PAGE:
In this Ukrainian village, almost no men are left

In this Ukrainian village, almost no men are left

MAKIV, Ukraine — Few men of fighting age are left in this village in southwest Ukraine, and those who remain fear they will be drafted at any moment.

Their neighbors are already hundreds of miles east in trenches on the front lines. Some have been killed or wounded. Several are missing. Others from this rural area — about 45 miles from the borders of Romania and Moldova — have fled abroad or found ways to avoid the war, either with legitimate exemptions or by hiding.

“It’s just a fact,” said Larysa Bodna, deputy director of the local school, which keeps a database of students whose parents are deployed. “Most of them are gone.”

Ukraine desperately needs more troops, with its forces depleted by deaths, injuries and exhaustion. Despite Russia’s own enormous casualties, the invaders still far outnumber Ukraine’s defenders, an advantage that is helping Moscow advance on the battlefield. Ukraine’s parliament is debating a bill to expand the draft pool, in part by lowering the eligibility age to 25 from 27, but few decisions are being made in Kyiv that will quickly answer the army’s urgent needs.

Civilians here say that means military recruiters are grabbing everyone they can. In the west, the mobilization drive has steadily sown panic and resentment in small agricultural towns and villages like Makiv, where residents said soldiers working for draft offices roam the near-empty streets searching for any remaining men. Such tactics have led some to believe that their men are being targeted disproportionately compared with other regions or bigger cities like Kyiv, where it is easier to hide.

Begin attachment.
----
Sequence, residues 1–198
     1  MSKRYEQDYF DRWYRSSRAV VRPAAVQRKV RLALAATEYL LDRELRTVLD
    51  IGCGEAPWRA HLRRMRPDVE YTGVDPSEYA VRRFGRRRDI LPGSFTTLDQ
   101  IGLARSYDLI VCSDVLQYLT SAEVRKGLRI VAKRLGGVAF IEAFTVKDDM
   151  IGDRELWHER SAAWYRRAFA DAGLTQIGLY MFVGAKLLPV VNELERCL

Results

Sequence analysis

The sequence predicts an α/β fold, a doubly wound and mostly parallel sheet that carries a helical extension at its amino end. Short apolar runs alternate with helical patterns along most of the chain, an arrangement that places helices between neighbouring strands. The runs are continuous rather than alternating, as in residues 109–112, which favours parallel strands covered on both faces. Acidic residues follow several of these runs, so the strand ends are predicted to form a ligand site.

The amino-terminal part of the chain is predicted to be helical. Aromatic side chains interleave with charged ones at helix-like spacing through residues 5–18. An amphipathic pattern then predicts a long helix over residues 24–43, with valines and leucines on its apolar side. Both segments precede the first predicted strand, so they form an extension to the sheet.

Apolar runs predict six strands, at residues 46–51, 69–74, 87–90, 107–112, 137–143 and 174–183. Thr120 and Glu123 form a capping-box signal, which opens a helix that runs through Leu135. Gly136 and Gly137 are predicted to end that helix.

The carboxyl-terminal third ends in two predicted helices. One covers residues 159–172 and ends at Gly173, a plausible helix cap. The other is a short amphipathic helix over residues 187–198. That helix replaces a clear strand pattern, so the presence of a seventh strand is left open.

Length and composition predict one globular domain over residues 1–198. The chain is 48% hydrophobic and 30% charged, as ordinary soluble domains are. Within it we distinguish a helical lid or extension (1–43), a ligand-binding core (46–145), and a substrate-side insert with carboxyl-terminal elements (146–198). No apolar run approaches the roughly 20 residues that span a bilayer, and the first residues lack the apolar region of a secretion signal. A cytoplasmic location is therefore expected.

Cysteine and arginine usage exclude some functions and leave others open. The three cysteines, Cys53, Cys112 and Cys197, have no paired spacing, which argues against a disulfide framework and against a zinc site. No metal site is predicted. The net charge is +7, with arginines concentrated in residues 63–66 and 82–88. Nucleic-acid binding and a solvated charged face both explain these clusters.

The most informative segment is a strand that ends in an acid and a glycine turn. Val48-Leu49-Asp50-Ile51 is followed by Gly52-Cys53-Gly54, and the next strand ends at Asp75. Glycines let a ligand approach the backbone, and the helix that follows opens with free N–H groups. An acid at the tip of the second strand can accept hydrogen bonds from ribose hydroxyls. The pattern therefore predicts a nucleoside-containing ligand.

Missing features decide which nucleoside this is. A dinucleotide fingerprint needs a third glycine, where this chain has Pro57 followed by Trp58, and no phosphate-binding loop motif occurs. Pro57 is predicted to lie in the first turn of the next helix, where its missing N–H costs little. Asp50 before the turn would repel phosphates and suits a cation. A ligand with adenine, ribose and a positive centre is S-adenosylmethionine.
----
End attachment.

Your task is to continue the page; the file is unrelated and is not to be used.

Locals use Telegram channels to warn of soldier sightings and share videos of troops forcing men into their vehicles — stoking rumors of kidnappings. Some men are now serving time in jail for refusing to sign up.

“People are being caught like dogs on the street,” said Olha Kametyuk, 35, whose husband, Valentin, 36, was drafted in June by soldiers who approached him and asked for his papers after he stopped for coffee on the main road outside Makiv. Despite a diagnosis of osteochondrosis, a joint disorder, he passed his medical exam in 10 minutes, she said, and deployed to the front, where he was wounded.